Freedom from the Bondage of the Flesh

We think of Augustine of Hippo, a.d. 400, who wrestled, grappled with the desires of the flesh for much of his life. A man of great learning, he nonetheless found himself unable to put away temptations that he was powerless to resist. Then, once in a garden, he heard a voice, like of a child, saying, “take and read”. He picked up a copy of the letters of Paul that he had been reading, and he saw these words: “Not in rioting and drunkenness, not in chambering and wantonness, not in strife and envying, but put ye on the Lord Jesus Christ, and make not provision for the flesh, to fulfil the lusts thereof.” From that moment he found peace of mind.

Freedom from the Threat of Judgment

We think of John Wesley, who though he had as much or more formal religion than any of his contemporaries, was made to wait until middle age before he exchanged the form of religion for its power. Wesley on Aldersgate Street: “About a quarter to nine, while he was describing the change which God works in the heart through faith in Christ, I felt my heart strangely warmed. I felt I did trust in Christ, Christ alone, for salvation; and an assurance was given me, that He had taken away my sins, even mine, and saved me from the law of sin and death.”(5/24/1738) Take this sacrament to your comfort, as an altar call to freedom from the threat of judgment.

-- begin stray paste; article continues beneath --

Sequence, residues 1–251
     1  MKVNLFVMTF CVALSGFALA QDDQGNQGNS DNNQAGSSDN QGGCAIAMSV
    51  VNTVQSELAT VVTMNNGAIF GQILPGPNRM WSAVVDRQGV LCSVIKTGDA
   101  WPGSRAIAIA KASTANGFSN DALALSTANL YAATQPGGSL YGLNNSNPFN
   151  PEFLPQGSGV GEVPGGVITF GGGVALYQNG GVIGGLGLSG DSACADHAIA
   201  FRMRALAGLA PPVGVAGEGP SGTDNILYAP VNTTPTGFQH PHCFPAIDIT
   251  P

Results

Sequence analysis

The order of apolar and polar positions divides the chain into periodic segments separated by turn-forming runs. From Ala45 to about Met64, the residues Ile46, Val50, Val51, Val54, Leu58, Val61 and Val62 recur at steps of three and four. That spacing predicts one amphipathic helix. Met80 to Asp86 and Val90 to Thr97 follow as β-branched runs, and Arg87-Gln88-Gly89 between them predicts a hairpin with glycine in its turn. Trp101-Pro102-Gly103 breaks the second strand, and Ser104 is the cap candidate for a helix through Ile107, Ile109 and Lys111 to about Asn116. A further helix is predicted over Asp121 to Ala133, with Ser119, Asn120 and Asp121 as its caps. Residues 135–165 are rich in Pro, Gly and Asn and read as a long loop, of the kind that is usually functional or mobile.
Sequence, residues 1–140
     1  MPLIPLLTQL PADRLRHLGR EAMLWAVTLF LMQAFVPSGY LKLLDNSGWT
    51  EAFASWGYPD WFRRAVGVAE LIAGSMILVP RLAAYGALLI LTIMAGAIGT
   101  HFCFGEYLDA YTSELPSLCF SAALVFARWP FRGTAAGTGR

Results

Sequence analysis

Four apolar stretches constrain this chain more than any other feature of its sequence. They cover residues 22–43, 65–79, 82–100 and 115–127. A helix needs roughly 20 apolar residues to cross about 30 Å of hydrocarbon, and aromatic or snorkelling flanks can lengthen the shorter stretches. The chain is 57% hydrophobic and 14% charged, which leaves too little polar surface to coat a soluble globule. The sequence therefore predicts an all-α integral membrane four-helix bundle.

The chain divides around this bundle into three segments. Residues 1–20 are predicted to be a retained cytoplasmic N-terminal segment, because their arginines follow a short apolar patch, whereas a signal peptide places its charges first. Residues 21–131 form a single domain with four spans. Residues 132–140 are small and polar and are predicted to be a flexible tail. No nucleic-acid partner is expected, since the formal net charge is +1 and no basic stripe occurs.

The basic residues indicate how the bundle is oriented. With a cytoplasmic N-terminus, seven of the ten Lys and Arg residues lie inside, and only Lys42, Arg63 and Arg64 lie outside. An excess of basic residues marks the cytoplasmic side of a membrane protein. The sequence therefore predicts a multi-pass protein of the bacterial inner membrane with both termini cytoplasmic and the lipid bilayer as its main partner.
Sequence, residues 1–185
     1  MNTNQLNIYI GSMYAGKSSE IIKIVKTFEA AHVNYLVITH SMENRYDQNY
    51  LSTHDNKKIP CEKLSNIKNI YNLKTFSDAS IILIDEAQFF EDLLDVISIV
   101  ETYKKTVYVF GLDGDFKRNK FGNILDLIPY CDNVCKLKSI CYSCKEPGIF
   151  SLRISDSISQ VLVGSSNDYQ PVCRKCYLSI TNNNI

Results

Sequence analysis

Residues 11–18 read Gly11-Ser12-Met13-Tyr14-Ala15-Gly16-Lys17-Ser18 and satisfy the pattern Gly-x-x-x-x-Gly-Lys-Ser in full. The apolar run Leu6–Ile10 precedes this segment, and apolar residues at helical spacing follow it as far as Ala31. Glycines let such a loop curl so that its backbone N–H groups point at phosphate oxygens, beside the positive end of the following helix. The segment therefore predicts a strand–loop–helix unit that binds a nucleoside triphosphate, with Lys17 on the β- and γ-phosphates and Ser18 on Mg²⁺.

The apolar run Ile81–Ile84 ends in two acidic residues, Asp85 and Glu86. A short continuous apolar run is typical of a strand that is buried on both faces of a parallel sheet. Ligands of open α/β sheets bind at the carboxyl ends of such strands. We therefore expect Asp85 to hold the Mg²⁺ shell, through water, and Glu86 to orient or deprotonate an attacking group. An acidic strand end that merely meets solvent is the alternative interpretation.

Freedom from the Despotism of Defeat

We think of one pastor, a.d. 1939, bringing a proposal for a new church to his doubtful Board of Trustees, and doing so amid depression and war. He dedicated his idea to the glory of God and the service of women and men. On the front page, as I have learned thanks to a friend’s research, he placed this quotation, an inscription he had found on a country church in England: “In the year 1643, when all things sacred were either demolished or profaned, this Church was built by one whose singular praise is to have done the best things in the worst times and to have hoped them in the most calamitous.” If you preach in a post modern, post Judea Christian era, take heart here. If you preach in a minimally religious region, take heart here. If you preach where faithfulness somehow has become disconnected from Sunday worship, take heart here. If you preach where the shallow in worship has overcome the high and true and deep, take heart here: your singular praise is to have done the best of things in the worst of times and to have hoped them in the most calamitous.

Freedom from the Fear of the Future